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LSI Have Jointly Developed a New Technology

Scientists at Universidad Carlos III de Madrid’s (UC3M) Applied Artificial Intelligence Group (GIAA) and the Systems Intelligence Laboratory (LSI) have jointly developed a new technology, which is aimed at enhancing car GPS accuracy by up to 90%.

Incorporating a conventional global positioning system (GPS) signal with other sensors such as accelerometers and gyroscopes, the system will reduce the margin of error in finding a location.

UC3M's GIAA Enrique Martí said: "This software is based on an architecture that uses context information and a powerful algorithm (called Unscented Kalman Filter) that eliminates the instantaneous deviations caused by the degradation of the signals received bythe GPS receiver or the total or partial loss of the satellites."

The sensor fusion based system can be installed in any car at a very low cost and may eventually be operated on smartphones.

Spanish Scientists Develop More Accurate Gps Technology for Cars

UC3M Systems Intelligence Laboratory researcher David Martín said: "We have managed to improve the determination of a vehicle's position in critical cases by between 50 and 90%, depending on the degree of the signals' degradation and the time that is affecting the degradation on the GPS receiver."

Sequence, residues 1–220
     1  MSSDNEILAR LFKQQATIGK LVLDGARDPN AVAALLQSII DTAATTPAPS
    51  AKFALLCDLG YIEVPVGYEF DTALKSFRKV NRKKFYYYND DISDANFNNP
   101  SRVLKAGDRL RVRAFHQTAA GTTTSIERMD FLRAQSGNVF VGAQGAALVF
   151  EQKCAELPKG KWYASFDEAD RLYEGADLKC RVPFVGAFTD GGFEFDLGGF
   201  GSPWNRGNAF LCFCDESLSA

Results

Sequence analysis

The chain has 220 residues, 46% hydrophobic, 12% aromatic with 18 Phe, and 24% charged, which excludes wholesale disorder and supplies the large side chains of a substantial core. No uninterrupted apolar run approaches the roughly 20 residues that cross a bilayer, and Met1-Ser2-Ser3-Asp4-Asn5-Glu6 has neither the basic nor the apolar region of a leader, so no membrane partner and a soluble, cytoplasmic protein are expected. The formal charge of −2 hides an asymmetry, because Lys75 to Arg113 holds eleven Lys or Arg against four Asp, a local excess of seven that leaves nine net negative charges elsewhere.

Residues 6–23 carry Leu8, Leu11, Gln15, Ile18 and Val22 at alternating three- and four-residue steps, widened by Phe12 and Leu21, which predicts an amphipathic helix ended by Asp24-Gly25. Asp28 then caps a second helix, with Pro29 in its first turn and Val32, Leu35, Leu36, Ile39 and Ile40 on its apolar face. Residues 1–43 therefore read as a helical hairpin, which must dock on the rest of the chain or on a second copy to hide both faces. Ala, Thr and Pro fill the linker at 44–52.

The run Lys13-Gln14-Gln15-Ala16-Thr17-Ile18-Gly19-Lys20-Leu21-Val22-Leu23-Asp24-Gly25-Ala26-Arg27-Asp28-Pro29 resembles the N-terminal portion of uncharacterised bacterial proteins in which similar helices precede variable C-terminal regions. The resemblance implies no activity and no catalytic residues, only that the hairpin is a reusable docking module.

The margin of error of commercial GPS installed in cars is about 15m in an open field, where the receiver can easily be visible from the satellites, while in cities the signal bounces off buildings and trees, which would affect the calculation of a vehicle's position.

"This occurs continually, but commercial receivers partially solve the problem by making use of the urban maps that attempt to position the vehicle in an approximate point," Martín said.

"These devices can indicate to the driver approximately where s/he is, but they cannot be used as a source of information in an Intelligent Transport System like those we have cited."

The system works by reverting to essentially predicting the location and may be sufficient for in-car navigation systems, while it is considered not be suitable for automated vehicles.

Additionally, researchers are also planning to develop a system, which can be operated via smartphones.

"We are now starting to work on the integration of this data fusion system into a mobile telephone, so that it can integrate all of the measurements that come from its sensors in order to obtain the same result that we have now, but at an even much lower cost, since it is something that almost everyone can carry around in his pocket," Martí said.

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Spanish Scientists Develop More Accurate Gps Technology for Cars
Topics: Auto Parts